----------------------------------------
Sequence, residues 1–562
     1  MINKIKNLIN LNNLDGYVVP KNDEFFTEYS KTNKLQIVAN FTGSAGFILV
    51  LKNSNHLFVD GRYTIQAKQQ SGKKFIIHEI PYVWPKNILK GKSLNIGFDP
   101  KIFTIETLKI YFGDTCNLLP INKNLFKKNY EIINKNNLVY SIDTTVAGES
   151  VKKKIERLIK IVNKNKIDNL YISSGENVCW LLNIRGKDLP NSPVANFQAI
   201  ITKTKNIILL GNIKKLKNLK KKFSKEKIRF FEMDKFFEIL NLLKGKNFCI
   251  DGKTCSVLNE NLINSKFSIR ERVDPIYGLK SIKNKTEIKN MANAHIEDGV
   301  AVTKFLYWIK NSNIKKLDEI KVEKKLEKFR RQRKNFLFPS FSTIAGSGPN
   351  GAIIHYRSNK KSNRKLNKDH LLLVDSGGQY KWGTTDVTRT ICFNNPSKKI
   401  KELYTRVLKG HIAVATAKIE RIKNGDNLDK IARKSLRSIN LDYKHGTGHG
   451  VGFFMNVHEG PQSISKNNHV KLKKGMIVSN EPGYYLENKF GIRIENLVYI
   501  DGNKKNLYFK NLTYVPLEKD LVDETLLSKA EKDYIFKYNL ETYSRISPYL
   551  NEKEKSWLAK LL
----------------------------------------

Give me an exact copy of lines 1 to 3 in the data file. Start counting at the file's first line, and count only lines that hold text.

Sequence, residues 1–562
     1  MINKIKNLIN LNNLDGYVVP KNDEFFTEYS KTNKLQIVAN FTGSAGFILV
    51  LKNSNHLFVD GRYTIQAKQQ SGKKFIIHEI PYVWPKNILK GKSLNIGFDP